coming soon to Wilson Heights, steps to the subwayFriluftsliv is the great Scandinavian philosophy of embracing the outdoor life in everything we do. We’re not only inspired by this ideal for the Nørdic, we are driven by every part of it. Life here will resonate with physical health through a love for the outdoor parks, amenities and walkable shopping and dining.
Q&A with Scale Model Builder Michael BurkeNovember 4, 2019 READ MORE
What’s tall and slender, with a beautiful profile and a knack for catching the perfect light? These words could be describing the towering glamazons found on...
What’s tall and slender, with a beautiful profile and a knack for catching the perfect light? These words could be describing the towering glamazons found on catwalks from Paris to Milan, but they’re equally appropriate as a descriptor for the towering scale models that grace sales centres across the continent. And, for the last thirteen years, Michael Burke has been turning out some of the best.
In the late 90s Burke was an architecture student at Ryerson University, regularly pulling all-nighters to build models for class. After graduation he scored a job at a professional model shop and five years later, he launched Myles Burke Architectural Models, with business partner David Myles. Today, the firm produces around 50 models each year for some of the biggest names in development. We sat down with the partner, co-owner, and model maker to find out what exactly goes into building a mini-dream. Super indeed.
Scale models are a very particular niche – how did you end up in the industry?
MB: I was at Ryerson studying architecture and one day, outside of the library, they had a scale model, built by a professional model building company. Until then I had only really seen our student cardboard and wood versions and this model blew my mind – I couldn’t believe the level of detail and the accuracy! I couldn’t figure out how anyone could do that… what materials were they using? How did they get the materials to look so real?
I discovered that a girl in my class was working at a model shop and in fourth year, when she and the rest of my classmates went out and got “real jobs,” her position opened up. I interviewed and got the job.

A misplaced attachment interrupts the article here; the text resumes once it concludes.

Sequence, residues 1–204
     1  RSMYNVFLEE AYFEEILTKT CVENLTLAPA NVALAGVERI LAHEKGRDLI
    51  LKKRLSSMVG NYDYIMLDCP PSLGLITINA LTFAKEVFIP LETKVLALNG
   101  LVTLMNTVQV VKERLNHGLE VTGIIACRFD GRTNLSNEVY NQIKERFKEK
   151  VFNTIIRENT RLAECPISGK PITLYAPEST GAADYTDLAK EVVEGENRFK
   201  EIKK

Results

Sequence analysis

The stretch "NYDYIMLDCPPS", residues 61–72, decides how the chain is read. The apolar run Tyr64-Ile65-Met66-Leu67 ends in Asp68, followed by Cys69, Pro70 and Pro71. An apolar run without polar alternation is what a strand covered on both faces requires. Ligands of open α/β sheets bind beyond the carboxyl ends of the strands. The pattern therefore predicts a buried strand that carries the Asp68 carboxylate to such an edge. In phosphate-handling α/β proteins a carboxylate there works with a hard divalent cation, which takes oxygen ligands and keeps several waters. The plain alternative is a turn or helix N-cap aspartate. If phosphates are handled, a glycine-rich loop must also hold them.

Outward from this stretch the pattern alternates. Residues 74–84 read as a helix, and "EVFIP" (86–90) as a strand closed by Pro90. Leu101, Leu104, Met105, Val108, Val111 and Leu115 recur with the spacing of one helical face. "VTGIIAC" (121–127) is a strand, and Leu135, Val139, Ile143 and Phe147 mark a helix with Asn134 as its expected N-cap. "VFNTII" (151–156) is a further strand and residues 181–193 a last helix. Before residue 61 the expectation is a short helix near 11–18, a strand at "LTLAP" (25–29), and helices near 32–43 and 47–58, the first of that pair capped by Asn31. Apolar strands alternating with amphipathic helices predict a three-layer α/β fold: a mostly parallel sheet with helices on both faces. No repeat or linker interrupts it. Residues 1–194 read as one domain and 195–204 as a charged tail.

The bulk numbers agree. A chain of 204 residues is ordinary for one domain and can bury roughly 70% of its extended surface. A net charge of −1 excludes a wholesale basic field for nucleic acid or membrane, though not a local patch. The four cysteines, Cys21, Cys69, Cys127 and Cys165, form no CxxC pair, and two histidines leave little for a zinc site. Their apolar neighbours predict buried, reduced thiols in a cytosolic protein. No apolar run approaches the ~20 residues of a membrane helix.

I really had no idea what I was doing, but I was eager to learn and excited by every new challenge and responsibility. I thought I had the coolest/funnest/most interesting job in the world.
I had only been working there about six months and then this other kid got hired – his name was David Myles.
David and I hit it off right away. We were the same age, had similar interests, and we were really into our jobs.
After about 5 years we felt we were ready for a new challenge, so we started Myles Burke
Architectural Models in 2006 and never looked back.
What’s the largest scale model you’ve ever built?
MB: Some of the larger models we’ve produced at Myles Burke have been The World Towers (Lodha, Mumbai), a full 14’ tall; and Rivington (Toll Brothers, Connecticut), an 11′ x 16′ model with a total area of 176 square feet. The largest model I’ve ever worked on in my career was the Burj Khalifa. The tower was 21′ tall, the base was 32′ in diameter. I went to Dubai for the install. It took 14 days to set up.
Give us the scoop, were you super into Lego and building blocks as a kid?
MB: You guessed it, Lego was totally my thing. I’d build for hours, mostly making stuff up on my own rather than following any instructions in the kit. I also had a train set and I loved building dioramas for school projects.
Why is it important to have a scale model of a project?